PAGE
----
The ligamentum flavum runs vertically from the axis vertebra (remember that’s the 2nd bone in the neck) to the sacrum. It is located between the laminae of the vertebra. At each vertebral level, fibers originate from a superior lamina (the term superior refers to a location above, relatively speaking) and connect to the inferior lamina (i.e. the lamina just below). The ligamentum flavum limits spinal flexion (bending forward), especially abrupt flexion. This function enables the ligamentum flavum to protect your discs from injury.

The phrase ligamentum flavum means "yellow ligament". The ligamentum flavum is made of a (pale) yellow colored elastic tissue. This tissue is similar to the type of connective tissue that comprises the other spinal ligaments, except there’s a degree of elasticity to it. The elastic quality of the ligamentum flavum helps preserves your spinal curves during movement, and assists the trunk in straightening up after you’ve bent forward.

Supraspinous and Interspinous Ligments

The supraspinous and interspinous ligaments both limit flexion (forward bending).

Located in back, the supraspinous ligament is a strong rope like tissue that connects the tips of the spinous processes from your sacrum up to C7 (otherwise known as the base of the neck). Towards the neck, it merges with the ligamente nuchae.

The interspinous ligaments connect the whole of each spinous process vertically. The interspinous ligament starts at the root of the spinous process, where it emerges from the ring of bone located at the back of the body of its respective vertebra, and extends all the way out to the tip. The connective tissue that comprises the interspinous process is much weaker than that of the supraspinous.

Ligamentum Nuchae

Also known as the nuchal ligament, this ligament is located at the back of your neck. It merges with the supraspinous ligament, which as we’ve discussed, is that long, strong cord that connects the tips of most (i.e. the lumbar and thoracic) of your spinous processes.

The ligamentum nuchae goes from two places on or near the back of your skull, and extends through all of the cervical (neck) spinous processes.

The ligamentum nuchae is very strong. At some spots it is actually hard enough to replace bone, thereby providing attachment sites for neck muscles located in areas where the cervical spinous processes are not long enough to reach the muscle. This is the area between C3 and C5.

Intertransverse Ligament

Intertransverse ligaments go from a superior (remember, superior refers to an above location, relatively speaking) transverse process of a vertebra to the transverse process of the vertebra below it. The intertransverse ligaments connect these processes together, and help limit the action of side bending (lateral flexion). They also form a sort of border between the bodies in front and the bony rings in back of the vertebrae.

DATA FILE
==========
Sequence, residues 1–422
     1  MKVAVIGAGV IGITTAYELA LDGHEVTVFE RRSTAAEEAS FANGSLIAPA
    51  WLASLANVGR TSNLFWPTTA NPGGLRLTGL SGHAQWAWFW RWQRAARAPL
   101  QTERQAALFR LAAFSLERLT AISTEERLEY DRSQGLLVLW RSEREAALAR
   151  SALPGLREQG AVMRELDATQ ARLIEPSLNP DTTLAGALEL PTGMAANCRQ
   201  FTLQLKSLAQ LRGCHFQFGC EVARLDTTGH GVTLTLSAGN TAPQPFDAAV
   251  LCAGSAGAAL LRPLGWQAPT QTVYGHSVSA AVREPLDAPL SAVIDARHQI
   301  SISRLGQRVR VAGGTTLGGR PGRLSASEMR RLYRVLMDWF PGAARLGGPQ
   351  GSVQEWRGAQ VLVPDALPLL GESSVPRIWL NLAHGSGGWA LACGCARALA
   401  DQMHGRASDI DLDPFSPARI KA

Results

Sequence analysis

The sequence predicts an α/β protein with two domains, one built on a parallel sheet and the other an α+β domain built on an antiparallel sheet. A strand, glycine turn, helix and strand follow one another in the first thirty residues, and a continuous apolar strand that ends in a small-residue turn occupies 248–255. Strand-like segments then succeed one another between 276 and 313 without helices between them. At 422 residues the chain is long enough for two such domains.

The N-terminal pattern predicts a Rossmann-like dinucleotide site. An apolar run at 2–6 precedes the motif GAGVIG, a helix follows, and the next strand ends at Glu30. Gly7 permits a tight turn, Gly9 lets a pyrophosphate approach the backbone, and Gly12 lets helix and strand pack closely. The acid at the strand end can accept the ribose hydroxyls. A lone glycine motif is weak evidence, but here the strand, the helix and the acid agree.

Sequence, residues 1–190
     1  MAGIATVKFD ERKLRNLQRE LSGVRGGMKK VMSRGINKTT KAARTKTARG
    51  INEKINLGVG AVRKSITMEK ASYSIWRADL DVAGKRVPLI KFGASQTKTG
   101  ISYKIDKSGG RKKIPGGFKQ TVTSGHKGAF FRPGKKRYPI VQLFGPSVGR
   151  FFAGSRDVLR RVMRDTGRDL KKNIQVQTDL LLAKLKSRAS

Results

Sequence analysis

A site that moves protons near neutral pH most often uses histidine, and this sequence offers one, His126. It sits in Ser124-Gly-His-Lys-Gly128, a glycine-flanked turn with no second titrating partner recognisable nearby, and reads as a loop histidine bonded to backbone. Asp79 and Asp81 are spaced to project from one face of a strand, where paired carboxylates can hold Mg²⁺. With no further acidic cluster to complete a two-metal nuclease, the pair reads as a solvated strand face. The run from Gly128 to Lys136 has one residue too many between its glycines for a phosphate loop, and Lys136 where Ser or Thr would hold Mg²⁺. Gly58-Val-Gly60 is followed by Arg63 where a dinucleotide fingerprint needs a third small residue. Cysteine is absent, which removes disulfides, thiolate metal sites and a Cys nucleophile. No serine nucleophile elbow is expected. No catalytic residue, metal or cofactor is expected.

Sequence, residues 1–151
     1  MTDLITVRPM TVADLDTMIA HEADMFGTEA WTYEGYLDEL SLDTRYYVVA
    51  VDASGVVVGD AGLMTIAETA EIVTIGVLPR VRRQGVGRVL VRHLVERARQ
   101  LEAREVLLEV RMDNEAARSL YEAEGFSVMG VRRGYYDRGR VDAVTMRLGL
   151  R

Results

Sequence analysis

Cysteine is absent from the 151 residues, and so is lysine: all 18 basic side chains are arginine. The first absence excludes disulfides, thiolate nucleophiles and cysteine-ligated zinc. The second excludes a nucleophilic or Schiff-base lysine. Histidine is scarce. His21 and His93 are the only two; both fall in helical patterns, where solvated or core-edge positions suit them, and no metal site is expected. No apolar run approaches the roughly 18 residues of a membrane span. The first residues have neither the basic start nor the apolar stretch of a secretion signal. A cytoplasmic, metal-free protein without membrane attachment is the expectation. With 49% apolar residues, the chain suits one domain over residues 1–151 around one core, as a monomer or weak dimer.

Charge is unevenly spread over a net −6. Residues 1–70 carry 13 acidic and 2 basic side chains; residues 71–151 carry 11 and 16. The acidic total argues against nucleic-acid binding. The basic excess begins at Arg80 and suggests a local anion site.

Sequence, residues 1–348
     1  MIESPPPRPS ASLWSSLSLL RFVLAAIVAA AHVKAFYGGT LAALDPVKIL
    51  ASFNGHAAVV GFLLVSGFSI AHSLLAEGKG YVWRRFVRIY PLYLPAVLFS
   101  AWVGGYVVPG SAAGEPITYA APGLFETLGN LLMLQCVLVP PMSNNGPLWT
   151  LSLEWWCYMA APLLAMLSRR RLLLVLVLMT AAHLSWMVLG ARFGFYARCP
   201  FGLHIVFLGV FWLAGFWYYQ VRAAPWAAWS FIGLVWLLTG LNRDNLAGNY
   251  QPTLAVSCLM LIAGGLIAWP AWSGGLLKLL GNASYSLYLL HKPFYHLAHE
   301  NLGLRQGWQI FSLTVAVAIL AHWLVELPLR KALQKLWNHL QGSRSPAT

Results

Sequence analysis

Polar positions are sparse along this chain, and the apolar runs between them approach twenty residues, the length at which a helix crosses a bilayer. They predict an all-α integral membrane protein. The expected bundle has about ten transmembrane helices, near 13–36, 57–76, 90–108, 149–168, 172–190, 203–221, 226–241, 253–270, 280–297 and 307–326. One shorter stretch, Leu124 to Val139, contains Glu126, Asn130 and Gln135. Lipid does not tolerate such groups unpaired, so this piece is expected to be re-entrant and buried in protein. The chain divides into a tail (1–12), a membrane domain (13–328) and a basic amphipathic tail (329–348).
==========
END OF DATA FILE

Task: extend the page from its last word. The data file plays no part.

Regarding the strength of the intertransverse ligament, in the neck, it consists of scattered fibers of connective tissue; in the low back area, it is very, very thin. In the thoracic (mid-back) area, the intertransverse ligaments are tougher and more fibrous.

Related: Image of Spinous and Transverse Processes on a Single Spinal Bone

Now you know your ligament ABCs. These are the spinal ligaments that affect all or at least large portions of the spine. Other spinal ligaments are specific to an area such as the neck or the sacrum and sacroiliac joints. I'll cover those in separate articles. I think the ABCs of spinal ligaments is enough to absorb in one sitting, don't you?

Sources:

Iida T, Abumi K, Kotani Y, Kaneda K. Effects of aging and spinal degeneration on mechanical properties of lumbar supraspinous and interspinous ligaments. Spine J. 2002 Mar-Apr;2(2):95-100. http://www.ncbi.nlm.nih.gov/pubmed/14588267

Kapandji, I.A., "The Physiology of the Joints". Fifth Edition. Churchill Livingstone. English Edition 1987. New York.

Moore, K., Dalley, A. Clinically Oriented Anatomy. Fifth. Edition. Lippincott, Williams & Wilkins. 2006. Baltimore. Pool-Goudz

Mosby's Medical Dictionary, 8th edition. © 2009, Elsevier.

Philip F. Benedetti1, Linda M. Fahr2, Lawrence R. Kuhns3 and L. Anne Hayman. MR Imaging Findings in Spinal Ligamentous Injury. Pictorial Essay September 2000, Volume 175, Number 3 http://www.ajronline.org/doi/full/10.2214/ajr.175.3.1750661

Smith ZA, Buchanan CC, Raphael D, Khoo LT. Ossification of the posterior longitudinal ligament: pathogenesis, management, and current surgical approaches. A review. Neurosurg Focus. 2011 Mar;30(3):E10. doi: 10.3171/2011.1.FOCUS10256. http://www.ncbi.nlm.nih.gov/pubmed/21361748

Vaccaro, A. Spine: Core Knowledge in Orthopaedics. Elsevier Mosby.205. Philadelphia.